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Lady Macbeth: A Liberated Woman?
The question of Lady Macbeth’s degree of liberation may be seen from two opposing viewpoints. If we define a "liberated woman" as one who has found her own strength, one who is able to function independently of the traditional subservient roles, Lady Macbeth clearly does not fit. She defines herself, and is defined by others, as a wife to Macbeth. Her ambitions are for him, and she willingly places herself in a secondary position in their relationship. She acknowledges his primary social position and his superior physical strength, and does not attempt to compete with him.
She functions flawlessly as the "woman of the house", the mistress of the castle, the hostess. On the other hand, a case could be made for the fact...
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The Guilt of Lady Macbeth
Lady Macbeth is one of Shakespeare's moat fascinating creations. One immediately reacts to her image as if all the forces of cunning and heartlessness in the universe combined to form the prototype of the femme fatale. And yet, upon examination of the character as she speaks in the play, one is drawn to the conclusion that there is more of the woman and wife than of the witch about her.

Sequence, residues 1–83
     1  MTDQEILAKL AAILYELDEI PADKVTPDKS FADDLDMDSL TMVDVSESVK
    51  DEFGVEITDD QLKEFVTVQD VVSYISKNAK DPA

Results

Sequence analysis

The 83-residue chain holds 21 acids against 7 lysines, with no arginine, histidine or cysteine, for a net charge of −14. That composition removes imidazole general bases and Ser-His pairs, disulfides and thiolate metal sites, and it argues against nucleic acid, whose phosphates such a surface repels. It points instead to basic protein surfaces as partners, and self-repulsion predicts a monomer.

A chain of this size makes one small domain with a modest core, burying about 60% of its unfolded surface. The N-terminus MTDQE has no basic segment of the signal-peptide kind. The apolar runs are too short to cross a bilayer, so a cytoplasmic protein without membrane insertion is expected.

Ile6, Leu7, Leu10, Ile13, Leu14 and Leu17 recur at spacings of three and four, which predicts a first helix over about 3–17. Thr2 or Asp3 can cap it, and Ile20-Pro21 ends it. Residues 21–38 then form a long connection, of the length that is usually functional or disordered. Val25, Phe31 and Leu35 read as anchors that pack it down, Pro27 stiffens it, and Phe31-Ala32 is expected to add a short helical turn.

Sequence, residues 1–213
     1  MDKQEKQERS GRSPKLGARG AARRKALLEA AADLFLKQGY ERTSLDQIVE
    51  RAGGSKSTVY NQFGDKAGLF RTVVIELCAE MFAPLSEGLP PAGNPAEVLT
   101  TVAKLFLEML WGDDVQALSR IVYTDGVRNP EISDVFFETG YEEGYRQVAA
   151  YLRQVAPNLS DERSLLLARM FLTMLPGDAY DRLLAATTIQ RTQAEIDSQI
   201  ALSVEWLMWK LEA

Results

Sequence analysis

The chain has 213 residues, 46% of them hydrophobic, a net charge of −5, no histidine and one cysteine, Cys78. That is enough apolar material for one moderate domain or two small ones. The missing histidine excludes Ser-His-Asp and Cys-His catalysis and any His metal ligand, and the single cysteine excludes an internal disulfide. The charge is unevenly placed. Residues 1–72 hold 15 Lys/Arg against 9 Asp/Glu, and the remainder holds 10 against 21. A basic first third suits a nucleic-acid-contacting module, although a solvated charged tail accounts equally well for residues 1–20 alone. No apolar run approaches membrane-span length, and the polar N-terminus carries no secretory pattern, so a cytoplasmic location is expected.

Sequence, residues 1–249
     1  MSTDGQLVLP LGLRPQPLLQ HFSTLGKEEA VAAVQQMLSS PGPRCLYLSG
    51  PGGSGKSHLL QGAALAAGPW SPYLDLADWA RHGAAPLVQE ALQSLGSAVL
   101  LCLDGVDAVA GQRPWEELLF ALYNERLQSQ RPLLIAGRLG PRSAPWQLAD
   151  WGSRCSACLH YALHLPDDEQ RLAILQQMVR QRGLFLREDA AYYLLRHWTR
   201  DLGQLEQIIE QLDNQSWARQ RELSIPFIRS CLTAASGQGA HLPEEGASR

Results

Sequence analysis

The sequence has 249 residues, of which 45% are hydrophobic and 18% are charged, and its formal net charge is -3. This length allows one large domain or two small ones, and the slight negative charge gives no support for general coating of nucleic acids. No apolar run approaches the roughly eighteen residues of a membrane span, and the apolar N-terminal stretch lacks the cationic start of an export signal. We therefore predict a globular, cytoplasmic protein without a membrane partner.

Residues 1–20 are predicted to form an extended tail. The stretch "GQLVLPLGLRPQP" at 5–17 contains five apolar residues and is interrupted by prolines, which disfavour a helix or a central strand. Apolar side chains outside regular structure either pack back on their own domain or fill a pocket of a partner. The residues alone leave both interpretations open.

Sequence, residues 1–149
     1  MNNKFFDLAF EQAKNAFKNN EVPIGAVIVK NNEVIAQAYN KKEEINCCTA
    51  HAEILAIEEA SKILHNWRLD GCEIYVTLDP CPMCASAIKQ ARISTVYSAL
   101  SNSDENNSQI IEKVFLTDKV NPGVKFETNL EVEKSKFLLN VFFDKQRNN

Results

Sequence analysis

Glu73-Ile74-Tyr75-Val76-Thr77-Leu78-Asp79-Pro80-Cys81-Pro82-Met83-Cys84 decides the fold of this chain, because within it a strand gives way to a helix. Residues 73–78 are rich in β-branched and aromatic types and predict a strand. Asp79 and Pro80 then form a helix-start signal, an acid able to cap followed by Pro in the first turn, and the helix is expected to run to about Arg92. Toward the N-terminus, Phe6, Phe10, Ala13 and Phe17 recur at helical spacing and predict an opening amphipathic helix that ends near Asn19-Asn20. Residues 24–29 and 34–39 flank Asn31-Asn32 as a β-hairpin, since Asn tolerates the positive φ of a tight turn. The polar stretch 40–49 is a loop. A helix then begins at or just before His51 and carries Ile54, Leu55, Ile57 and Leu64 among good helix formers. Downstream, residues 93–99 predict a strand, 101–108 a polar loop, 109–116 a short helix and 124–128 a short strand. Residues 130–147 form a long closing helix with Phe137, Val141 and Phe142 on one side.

The reader first meets Lady Macbeth as she reads the news of the witches’ salutations and prophecies. With a grim determination she resolves to make the promises of the black sisters come true. It is interesting to note, however, that her motivation is clearly her husband’s hesitant nature:
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The Witches in Macbeth
Throughout Macbeth there exists confusion as to what is real and what imaginary, and, for the most part, it is Macbeth himself who is confronted with these confusions. The question of whether or not the witches are real must be examined in relation to them.
The Weird Sisters always appear in thunder and either vanish mysteriously or are swallowed up in a mist. They play a prophetic role, and, at the beginning of the play, inform the audience that they are to meet with Macbeth. From the beginning, then, their existence outside of the imaginings of any of the other characters, is established. The witches appear in scenes where no other characters are present, and therefore can be seen to have an independent...